If you use Yahoo’s Web search engine to learn about hybrid cars, the site will quietly note that you fit into a group of users it calls “Consciously Cruising.”
If you click on ads for moving van companies, you will join the “Home Hopping” group. Shop for wedding cakes and reception halls and you might be tagged as a future bride or groom.
Earlier this year, Yahoo introduced a computer system that uses complex models to analyze records of what each of its 500 million users do on its site: what they search for, what pages they read, what ads they click on. It then tries to show them advertisements that speak directly to their interests and the events in their lives.
Yahoo and the many other companies building similar systems say the systems are benign because they typically do not collect personal information like names and addresses.
“We are much more conservative than we need to be” in using information about site visitors, said Usama Fayyad, chief data officer at Yahoo.
Still, just how personal even “anonymous” information can be was shown vividly last week as a list of three months of search queries from 657,000 AOL customers began circulating online. Collectively, a person’s Web searches, it turns out, can create an eerily intimate portrait — one that some privacy advocates say should never be assembled and stored in the first place.
Still, Web companies continue refining their techniques. Advertising on search engines is already a $14-billion-a-year business because the ads can be so closely tied to what people are looking for. Yahoo’s system is meant to use search queries and other actions to select ads people see while checking their e-mail and reading other pages.
AOL is working on a similar system to display ads for products related to a person’s Web search history. MSN from Microsoft just introduced technology to do the same. Other companies use systems that bring together information about users from across many sites. Internet companies call this behavioral targeting, and it is based on the insight that knowing what people do online can be more valuable to a marketer than knowing how old they are or what they do for a living.
“Search behavior is the closest thing we have to a window onto people’s intent,” said Jeff Marshall, a senior vice president of Starcom IP, an advertising agency. “When people are gathering information to make a choice, that means they are often going to spend money.”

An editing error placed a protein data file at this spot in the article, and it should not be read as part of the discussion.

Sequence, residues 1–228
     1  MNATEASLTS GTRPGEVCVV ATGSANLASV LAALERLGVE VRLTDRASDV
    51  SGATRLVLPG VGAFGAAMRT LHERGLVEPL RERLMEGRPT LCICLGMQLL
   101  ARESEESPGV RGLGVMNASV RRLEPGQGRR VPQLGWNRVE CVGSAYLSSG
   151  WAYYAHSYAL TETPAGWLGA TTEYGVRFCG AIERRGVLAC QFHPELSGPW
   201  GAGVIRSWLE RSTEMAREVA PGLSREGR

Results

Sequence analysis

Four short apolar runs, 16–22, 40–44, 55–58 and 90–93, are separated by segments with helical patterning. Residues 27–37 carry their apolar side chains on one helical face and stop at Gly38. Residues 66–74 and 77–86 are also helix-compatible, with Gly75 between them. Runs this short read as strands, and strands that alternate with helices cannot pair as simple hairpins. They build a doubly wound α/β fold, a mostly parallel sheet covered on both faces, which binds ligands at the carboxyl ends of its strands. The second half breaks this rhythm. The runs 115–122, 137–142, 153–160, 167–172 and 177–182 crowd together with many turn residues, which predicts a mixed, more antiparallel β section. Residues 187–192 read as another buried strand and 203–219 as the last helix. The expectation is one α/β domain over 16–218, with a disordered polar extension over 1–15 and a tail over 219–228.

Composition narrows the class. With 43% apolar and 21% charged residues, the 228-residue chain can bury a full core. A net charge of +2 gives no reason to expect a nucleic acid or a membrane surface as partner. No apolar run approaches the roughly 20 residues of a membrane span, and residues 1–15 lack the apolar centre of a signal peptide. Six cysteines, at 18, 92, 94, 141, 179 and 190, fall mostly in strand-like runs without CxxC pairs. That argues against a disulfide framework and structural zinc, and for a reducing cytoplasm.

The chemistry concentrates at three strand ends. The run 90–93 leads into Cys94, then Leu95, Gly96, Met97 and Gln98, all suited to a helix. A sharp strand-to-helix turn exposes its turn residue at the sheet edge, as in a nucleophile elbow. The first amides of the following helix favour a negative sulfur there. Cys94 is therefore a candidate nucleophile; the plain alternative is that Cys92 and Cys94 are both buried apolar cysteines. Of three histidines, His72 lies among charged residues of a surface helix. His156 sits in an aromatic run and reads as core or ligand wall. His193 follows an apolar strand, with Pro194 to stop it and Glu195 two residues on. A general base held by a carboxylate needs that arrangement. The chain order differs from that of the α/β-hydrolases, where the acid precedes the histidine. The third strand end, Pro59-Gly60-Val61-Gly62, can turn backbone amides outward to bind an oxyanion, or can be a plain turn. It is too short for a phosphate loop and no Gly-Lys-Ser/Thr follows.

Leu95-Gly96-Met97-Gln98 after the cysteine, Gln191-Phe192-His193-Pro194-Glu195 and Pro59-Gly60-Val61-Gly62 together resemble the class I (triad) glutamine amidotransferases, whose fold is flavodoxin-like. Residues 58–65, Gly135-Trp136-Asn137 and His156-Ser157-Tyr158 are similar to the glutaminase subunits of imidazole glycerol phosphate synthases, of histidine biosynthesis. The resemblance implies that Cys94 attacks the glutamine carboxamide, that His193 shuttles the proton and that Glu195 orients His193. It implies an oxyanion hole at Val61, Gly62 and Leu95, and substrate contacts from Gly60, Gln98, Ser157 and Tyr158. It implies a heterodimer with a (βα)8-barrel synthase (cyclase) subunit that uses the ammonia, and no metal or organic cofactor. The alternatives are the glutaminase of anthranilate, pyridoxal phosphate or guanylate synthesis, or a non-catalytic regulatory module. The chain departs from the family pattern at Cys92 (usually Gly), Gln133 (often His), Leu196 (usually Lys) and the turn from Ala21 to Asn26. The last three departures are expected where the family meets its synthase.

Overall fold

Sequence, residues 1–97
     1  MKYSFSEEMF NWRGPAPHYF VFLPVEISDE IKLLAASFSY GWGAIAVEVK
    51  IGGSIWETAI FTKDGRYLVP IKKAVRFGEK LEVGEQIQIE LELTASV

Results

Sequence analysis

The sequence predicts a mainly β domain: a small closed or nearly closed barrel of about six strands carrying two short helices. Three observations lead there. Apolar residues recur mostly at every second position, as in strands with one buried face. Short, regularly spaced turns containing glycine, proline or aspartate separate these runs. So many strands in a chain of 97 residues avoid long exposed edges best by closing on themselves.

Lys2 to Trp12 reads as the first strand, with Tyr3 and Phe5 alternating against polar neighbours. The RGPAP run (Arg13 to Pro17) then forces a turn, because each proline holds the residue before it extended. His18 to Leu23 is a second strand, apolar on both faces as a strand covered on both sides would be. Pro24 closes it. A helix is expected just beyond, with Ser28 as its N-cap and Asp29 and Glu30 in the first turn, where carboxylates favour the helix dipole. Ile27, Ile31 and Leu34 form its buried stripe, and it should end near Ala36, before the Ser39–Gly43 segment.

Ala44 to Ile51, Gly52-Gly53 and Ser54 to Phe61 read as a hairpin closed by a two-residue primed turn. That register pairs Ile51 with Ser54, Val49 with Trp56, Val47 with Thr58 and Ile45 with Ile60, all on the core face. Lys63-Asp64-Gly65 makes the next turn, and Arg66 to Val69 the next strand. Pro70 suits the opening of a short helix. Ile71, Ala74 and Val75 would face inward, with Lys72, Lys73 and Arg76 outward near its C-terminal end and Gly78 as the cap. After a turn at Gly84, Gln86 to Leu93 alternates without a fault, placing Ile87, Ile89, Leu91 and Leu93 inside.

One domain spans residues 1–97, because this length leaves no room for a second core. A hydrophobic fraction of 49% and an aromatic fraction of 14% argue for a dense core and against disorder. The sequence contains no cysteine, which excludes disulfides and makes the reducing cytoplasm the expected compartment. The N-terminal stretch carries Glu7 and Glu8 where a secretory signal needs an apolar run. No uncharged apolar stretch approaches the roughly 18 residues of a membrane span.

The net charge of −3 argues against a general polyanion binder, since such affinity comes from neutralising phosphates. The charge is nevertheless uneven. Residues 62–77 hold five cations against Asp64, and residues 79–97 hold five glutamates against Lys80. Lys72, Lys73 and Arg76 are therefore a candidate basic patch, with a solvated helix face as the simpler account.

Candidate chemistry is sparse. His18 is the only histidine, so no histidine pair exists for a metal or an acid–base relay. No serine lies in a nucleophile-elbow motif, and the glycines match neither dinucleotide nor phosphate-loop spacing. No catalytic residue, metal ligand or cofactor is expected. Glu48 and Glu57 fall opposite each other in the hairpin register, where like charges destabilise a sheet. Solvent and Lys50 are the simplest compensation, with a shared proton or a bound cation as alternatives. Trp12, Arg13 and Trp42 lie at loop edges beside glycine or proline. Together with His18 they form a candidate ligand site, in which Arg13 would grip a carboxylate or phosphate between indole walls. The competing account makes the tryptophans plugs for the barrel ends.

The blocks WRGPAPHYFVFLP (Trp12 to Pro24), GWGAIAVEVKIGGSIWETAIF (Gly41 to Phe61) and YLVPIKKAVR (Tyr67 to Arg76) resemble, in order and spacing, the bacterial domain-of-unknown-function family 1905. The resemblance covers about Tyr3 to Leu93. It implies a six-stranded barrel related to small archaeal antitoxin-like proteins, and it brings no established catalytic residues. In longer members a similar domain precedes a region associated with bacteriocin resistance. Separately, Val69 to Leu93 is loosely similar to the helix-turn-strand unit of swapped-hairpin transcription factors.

Many Internet users have no idea that records of their actions are being collected and used. They might find out about these practices only if they read the fine print of Web site privacy policies.
But AOL’s release of search data has already led some privacy advocates and legislators to call for new limits on how Web sites and advertisers keep and use information about online behavior.
AOL has apologized for the release, saying that its research unit had not been authorized to publish the records. It removed the data from its site, but copies are still available online.
Not all of the behavioral marketing involves search engines. Technology from companies like DoubleClick and AOL’s Advertising.com unit allows marketing messages to follow people around the Web.
Starwood Hotels, for example, alerts members of its frequent-guest program to new promotions by placing ads that will be shown only to people who have previously visited its Web site. These ads can find customers in unlikely places, like the vast social networking site MySpace.
While most MySpace users are more likely to spend money on soda and sneakers, some of the site’s 100 million members do stay in Starwood’s Westin or Sheraton hotels and will see the ads.
Cingular Wireless uses a similar approach to advertise to people who have started shopping for a phone.
“You are no longer targeting people you think will be interested in your product,” said Les Kruger, a senior marketing manager at Cingular. “We know based on your behavior that you are in the market, and we can target you as you bounce around the Internet.”